The United States and Russia on June 22 opened two days of talks on their last remaining nuclear arms control, the New START treaty, which caps the number of deployed long-range nuclear warheads each can have.
The top U.S. arms control negotiator, Marshall Billingslea, and Russian Deputy Foreign Minister Sergei Ryabkov headed the delegations in Vienna, with little prospect of an imminent agreement on New START, which expires in February 2021.
Russia has called for an extension of the accord limiting Russian and U.S. nuclear arsenals to 1,550 deployed long-range nuclear warheads each.
However, Washington has said that its bilateral arms control agreements with Moscow are outdated and that it wants Beijing to be included in any future agreements on nuclear weapons.
China has repeatedly rejected attempts to get it to join the talks. While the country has been expanding its nuclear arsenal, it is still far smaller than the U.S. and Russian programs.
Russia's UN envoy in the Austrian capital, Mikhail Ulyanov, tweeted just before 7 p.m. local time that the meeting in Vienna had ended, adding: "Official comments will follow."
Both Billingslea and Ryabkov were guarded in their statements as they arrived for the discussions.
"We'll see," the U.S. envoy said when asked what he expected to come of the talks. He declined to elaborate on their content.
Ryabkov was equally cautious, telling reporters, "Let's see, let's see. We are always very hopeful."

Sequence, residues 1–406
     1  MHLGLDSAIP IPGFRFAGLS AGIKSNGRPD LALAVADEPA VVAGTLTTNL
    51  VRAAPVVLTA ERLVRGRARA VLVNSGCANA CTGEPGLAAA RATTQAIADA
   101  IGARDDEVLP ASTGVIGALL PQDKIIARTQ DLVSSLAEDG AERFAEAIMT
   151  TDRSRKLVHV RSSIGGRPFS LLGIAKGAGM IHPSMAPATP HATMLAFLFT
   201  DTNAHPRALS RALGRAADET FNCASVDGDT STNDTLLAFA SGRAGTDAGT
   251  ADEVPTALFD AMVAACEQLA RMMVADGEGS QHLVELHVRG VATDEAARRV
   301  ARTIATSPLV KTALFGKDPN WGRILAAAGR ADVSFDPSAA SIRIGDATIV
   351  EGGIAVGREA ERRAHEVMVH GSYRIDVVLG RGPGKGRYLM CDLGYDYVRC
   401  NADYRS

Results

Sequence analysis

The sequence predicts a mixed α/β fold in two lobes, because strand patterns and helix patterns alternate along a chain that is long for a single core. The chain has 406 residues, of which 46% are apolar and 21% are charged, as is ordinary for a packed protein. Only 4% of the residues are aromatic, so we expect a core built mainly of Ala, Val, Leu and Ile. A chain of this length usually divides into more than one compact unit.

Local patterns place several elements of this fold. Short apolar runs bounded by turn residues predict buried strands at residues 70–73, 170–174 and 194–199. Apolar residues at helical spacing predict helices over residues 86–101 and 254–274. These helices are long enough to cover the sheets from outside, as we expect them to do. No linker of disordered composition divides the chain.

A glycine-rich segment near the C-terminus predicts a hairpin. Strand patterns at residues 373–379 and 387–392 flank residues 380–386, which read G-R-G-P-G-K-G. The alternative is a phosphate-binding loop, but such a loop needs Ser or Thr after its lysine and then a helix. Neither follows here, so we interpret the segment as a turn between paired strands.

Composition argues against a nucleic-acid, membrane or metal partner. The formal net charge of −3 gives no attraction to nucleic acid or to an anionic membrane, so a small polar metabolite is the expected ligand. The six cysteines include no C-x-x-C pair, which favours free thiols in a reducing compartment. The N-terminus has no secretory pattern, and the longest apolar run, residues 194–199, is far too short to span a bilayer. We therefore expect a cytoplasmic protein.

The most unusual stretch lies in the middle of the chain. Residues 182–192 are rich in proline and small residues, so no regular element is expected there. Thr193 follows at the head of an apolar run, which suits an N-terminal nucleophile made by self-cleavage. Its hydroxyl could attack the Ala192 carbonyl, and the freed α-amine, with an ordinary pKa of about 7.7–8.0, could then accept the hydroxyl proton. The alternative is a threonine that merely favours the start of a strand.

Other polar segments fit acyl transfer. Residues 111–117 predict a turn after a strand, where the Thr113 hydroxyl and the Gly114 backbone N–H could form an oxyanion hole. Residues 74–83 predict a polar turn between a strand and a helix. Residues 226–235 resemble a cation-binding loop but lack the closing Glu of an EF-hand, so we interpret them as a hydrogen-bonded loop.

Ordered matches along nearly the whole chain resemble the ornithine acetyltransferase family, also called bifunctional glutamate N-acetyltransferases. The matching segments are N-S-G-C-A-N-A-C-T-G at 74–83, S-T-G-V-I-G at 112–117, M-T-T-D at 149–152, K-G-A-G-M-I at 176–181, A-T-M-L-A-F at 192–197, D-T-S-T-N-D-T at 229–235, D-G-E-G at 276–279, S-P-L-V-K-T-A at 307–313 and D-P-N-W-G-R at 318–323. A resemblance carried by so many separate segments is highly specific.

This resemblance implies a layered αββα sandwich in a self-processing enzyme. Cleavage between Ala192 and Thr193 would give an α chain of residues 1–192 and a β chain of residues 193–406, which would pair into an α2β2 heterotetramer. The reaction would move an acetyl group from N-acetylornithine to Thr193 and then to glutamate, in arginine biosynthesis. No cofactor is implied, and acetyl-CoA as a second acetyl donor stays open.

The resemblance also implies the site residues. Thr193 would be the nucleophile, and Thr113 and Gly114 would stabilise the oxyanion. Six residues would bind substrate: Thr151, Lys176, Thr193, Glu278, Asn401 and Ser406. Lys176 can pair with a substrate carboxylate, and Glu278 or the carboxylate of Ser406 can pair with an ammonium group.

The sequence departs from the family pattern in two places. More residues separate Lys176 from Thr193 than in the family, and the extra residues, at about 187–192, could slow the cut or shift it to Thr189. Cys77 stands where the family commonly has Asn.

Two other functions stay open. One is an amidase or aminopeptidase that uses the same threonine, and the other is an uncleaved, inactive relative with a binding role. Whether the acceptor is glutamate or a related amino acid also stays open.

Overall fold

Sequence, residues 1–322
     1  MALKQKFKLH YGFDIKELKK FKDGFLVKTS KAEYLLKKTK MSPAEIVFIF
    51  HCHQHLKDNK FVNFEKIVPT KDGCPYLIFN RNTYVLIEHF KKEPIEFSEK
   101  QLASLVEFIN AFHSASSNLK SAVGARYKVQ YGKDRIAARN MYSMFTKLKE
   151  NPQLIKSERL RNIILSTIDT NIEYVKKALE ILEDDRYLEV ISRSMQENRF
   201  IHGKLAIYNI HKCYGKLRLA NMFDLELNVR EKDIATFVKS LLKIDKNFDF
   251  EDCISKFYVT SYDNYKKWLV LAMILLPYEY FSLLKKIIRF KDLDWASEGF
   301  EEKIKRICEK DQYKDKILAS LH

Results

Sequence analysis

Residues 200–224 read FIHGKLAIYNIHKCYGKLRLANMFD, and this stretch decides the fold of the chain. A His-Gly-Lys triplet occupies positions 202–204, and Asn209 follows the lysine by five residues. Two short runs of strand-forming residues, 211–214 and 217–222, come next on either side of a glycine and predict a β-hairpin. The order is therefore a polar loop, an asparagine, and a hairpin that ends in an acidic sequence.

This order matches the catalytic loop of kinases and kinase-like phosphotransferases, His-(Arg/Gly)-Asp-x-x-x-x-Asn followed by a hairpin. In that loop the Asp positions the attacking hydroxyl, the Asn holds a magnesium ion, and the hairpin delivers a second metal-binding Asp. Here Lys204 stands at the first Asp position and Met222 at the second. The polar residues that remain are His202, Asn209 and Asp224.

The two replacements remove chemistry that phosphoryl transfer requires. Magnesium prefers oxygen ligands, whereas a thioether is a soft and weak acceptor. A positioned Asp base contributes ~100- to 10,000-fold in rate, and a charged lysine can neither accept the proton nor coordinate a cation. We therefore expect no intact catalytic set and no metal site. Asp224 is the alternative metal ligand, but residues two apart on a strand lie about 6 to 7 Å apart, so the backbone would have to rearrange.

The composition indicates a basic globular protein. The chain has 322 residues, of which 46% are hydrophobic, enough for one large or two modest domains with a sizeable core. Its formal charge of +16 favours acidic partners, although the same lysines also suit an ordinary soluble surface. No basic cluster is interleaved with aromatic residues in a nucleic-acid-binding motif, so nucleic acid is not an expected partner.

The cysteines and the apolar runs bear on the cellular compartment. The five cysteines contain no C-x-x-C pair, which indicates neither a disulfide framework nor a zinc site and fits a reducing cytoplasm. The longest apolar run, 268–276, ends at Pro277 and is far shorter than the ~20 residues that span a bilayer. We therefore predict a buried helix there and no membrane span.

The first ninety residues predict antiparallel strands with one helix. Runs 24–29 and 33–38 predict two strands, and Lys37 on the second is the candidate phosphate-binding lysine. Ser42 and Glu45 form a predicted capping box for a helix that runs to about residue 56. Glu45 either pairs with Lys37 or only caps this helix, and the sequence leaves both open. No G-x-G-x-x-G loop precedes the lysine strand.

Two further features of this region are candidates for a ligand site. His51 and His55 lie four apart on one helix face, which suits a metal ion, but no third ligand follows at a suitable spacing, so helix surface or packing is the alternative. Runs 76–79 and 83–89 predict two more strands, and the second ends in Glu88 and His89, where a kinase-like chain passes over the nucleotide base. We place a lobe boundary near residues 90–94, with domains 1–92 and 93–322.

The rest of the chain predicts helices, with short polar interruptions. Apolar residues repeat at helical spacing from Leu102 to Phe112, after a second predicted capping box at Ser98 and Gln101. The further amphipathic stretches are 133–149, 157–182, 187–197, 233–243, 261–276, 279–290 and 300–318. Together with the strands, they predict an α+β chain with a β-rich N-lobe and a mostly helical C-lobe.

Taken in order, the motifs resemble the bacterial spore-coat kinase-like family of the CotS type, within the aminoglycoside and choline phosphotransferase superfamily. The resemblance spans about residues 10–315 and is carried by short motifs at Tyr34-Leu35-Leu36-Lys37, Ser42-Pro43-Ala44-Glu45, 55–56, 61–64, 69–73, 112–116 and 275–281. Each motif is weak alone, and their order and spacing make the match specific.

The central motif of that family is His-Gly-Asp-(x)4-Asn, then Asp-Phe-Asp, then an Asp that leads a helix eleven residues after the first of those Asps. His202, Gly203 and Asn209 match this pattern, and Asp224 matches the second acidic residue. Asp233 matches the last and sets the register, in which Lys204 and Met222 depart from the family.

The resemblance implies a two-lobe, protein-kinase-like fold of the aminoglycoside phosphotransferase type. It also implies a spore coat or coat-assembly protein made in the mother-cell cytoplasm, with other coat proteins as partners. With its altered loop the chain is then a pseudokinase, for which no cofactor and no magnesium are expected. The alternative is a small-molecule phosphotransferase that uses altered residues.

Ahead of the talks, Billingslea posted on Twitter a photo of Chinese flags at empty chairs at the Vienna negotiating table.
"China is a no-show. Beijing still hiding behind 'Great Wall of Secrecy' on its crash nuclear build-up, and so many other things. We will proceed with Russia, notwithstanding," he wrote.
On June 20, Ryabkov told Interfax that Russia has run out of arguments for extending the pact but will still raise the idea.
"We have repeatedly explained to the Americans why we think a decision in favor of an extension is right," he said at the time. "We won't find any more arguments for what we have already told them many times. Of course, we will use the opportunity to remind of our position."
While Russia would consider it "right and logical" to extend New START, "by and large this treaty is not everything," Ryabkov told Interfax.
Moscow, however, has repeatedly warned of the danger of a new arms race if the treaty is not renewed.
Ultimately, it will be up to what U.S. President Donald Trump's government decides, he added.
Trump has pulled out of or let expire a number of international agreements, including the Intermediate-Range Nuclear Forces Treaty and the Iran nuclear deal. But his administration has voiced a general interest in preserving New START.
Russia, whose nuclear arsenal is a key element of power while it is vastly outspent on defense by the United States, says it wants to ensure parity with Washington.
It also wants a broader discussion with Washington on arms control, including on U.S. threats to resume nuclear tests after a suspension of nearly three decades.
Last month, Billingslea accused Moscow of modernizing thousands of "nonstrategic" nuclear weapons that fall outside of the New START treaty.
"They have adopted a highly provocative nuclear doctrine that embraces early escalation and use of nuclear weapons," he said, calling for any successor treaty to put more Russian arms under monitoring.